Miranda Kerr Slammed For Suggesting Celery Juice Can Protect Against Coronavirus

Model Miranda Kerr is facing backlash after posting a link to a 'medical medium's' advice on staying healthy amid the coronavirus pandemic which includes drinking celery juice and eating raw garlic.

Posting to her 12.2 million followers on Instagram, Kerr uploaded the cover of a free PDF e-book written by Anthony William, a self-described 'medical medium'.

William also claims he is the "originator of the global celery juice movement" and that he was "born with the unique ability to converse with the Spirit of Compassion" that allows him to "read people's conditions and tell them how to recover their health".

"Great info to help people at this time," Kerr captioned the image followed by a praying hands emoji and a love heart, tagging William in the post.



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Though not explicitly referring to the coronavirus in the e-book, William does use the word 'virus' repeatedly, illustrating references to the virus with spiked cells similar to those of COVID-19.

In the booklet, William advises protecting against viruses by consuming two cups of celery juice on an empty stomach every morning, eating cloves of raw garlic or making a vegetable soup 'healing broth'.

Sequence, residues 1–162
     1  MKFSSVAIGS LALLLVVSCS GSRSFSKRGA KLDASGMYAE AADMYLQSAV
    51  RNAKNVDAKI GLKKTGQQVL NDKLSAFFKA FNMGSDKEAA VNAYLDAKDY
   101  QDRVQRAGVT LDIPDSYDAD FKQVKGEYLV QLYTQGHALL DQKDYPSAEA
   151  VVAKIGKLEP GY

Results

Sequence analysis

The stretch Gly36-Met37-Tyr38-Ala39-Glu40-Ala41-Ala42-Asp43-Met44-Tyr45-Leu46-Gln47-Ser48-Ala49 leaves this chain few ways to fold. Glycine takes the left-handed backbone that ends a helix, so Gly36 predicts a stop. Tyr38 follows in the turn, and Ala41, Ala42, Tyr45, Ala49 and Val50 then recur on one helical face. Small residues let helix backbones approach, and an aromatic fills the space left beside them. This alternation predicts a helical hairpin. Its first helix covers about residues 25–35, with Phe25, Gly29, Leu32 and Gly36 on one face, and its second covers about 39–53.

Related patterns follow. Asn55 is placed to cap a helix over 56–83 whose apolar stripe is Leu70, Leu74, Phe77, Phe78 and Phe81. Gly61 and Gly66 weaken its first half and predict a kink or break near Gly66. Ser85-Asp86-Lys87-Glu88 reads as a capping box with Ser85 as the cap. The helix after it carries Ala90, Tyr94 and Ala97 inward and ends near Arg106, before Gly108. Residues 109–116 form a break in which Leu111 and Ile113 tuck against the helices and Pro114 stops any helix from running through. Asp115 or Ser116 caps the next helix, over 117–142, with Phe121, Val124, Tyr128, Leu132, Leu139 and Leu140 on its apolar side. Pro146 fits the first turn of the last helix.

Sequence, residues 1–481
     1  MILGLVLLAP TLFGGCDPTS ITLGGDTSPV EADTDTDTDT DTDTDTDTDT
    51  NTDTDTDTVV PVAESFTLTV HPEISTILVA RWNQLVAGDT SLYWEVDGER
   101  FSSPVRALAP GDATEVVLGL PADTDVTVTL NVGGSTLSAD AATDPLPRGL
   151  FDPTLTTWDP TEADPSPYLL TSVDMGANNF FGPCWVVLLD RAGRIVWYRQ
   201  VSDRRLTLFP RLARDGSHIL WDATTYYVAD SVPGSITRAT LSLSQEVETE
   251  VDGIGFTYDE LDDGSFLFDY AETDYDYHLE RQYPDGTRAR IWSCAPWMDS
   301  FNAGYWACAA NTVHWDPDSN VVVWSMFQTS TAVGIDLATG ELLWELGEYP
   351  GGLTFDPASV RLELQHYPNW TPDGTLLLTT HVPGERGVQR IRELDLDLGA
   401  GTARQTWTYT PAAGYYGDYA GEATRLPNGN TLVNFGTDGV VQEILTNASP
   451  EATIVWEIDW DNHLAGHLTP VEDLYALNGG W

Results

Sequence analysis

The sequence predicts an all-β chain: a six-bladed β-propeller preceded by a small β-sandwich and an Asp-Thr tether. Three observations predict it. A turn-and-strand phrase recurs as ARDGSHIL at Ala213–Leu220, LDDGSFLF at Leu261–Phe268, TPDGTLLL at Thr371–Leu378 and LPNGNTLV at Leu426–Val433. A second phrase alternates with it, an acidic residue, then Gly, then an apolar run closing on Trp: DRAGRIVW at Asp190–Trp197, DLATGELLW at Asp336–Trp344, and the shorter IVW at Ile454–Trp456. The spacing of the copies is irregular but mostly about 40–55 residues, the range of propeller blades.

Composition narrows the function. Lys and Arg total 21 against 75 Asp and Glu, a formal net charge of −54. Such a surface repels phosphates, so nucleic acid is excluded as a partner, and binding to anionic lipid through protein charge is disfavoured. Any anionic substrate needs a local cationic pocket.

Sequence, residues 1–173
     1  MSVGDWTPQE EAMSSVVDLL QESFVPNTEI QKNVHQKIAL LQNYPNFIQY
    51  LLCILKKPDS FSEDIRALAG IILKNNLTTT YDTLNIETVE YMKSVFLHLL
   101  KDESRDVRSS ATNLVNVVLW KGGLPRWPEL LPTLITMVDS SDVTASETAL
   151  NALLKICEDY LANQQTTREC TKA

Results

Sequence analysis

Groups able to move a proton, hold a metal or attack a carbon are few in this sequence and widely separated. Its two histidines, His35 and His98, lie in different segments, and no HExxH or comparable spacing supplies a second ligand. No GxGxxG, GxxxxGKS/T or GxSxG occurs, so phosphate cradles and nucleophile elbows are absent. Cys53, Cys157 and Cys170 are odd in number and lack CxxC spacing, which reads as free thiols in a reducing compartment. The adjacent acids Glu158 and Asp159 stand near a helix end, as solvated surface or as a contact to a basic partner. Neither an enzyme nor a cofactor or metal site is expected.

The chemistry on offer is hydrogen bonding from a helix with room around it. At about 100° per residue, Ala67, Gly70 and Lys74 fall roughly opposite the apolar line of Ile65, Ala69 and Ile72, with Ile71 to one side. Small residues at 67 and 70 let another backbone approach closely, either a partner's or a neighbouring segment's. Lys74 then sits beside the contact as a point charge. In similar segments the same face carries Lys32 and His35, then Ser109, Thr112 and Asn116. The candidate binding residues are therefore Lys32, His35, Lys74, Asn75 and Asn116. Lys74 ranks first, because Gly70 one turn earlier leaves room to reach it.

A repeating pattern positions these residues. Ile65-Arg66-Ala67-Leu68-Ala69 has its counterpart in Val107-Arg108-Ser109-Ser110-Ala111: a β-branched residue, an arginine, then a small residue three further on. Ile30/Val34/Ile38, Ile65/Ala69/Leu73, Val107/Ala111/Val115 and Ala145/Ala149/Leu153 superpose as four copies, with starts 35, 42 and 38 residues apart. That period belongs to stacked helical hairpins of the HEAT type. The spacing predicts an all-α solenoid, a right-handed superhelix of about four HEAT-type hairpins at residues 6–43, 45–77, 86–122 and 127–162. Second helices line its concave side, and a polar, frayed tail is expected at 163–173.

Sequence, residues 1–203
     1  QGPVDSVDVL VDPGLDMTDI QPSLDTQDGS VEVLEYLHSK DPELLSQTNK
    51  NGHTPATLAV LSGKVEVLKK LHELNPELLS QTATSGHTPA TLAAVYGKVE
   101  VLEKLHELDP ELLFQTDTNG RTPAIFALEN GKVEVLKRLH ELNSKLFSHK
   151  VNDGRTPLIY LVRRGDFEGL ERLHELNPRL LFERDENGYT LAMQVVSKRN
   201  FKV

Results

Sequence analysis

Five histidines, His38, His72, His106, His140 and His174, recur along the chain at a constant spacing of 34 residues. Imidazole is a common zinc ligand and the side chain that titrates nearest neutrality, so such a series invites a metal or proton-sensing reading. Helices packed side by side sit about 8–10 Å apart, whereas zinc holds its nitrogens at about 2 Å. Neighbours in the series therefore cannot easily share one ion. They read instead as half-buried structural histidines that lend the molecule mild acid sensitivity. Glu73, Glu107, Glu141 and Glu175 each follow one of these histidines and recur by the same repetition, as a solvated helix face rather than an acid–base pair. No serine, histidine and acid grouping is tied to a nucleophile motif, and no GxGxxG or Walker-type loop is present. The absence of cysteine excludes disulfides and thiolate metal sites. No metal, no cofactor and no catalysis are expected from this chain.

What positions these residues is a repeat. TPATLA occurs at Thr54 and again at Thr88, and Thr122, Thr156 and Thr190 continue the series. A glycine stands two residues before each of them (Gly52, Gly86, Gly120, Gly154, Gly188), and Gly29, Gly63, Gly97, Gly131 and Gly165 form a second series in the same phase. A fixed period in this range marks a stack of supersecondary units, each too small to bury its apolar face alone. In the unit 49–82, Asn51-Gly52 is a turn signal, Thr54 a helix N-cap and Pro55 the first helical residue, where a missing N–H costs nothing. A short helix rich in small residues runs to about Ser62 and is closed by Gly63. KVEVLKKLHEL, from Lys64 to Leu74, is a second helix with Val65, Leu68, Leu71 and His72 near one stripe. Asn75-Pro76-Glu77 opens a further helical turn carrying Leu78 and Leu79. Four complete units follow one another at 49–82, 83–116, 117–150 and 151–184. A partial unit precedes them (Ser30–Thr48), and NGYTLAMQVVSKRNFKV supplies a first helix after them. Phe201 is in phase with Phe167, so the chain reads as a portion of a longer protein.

The document also encourages readers to cut out eggs -- which he claims are the "number one food viruses like to feed on" -- dairy and fatty foods.

At the very end of the document William also includes common-sense tips including regularly washing hands, avoid shaking hands and using face masks in crowded areas.

"This is really irresponsible," one of Kerr's followers responded to the post, "Stop spreading fake information."

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Another called the booklet "misinformation" asking Kerr not to use her massive platform to spread "pseudoscience".

One comment came from an NHS Surgical Doctor in the UK, Dr Joshua Wolrich, who wrote, "Celery juice doesn’t fight viral infections, nor does any of the rest of the advice in this guide."

"Please don’t share information when you’re not qualified to do so (especially from someone who REALLY isn’t qualified to do so)," another commenter wrote.

"The information you’re sharing isn’t in any way valid and to anyone who reads this, IT WILL NOT PROTECT YOU FROM THE VIRUS. Please take it down."

Willam also has a lengthy, downloadable disclaimer on his Facebook that confirms he is not a medical doctor or licensed healthcare practitioner, urging readers to first "consult with a licensed healthcare professional" before following his own advice.

"Never disregard medical advice or delay in seeking it because of something you have read on this page or in any linked material," William's own disclaimer reads.

Despite the overwhelming backlash, Kerr's post has not been deleted.

Featured image: Getty Images / Instagram.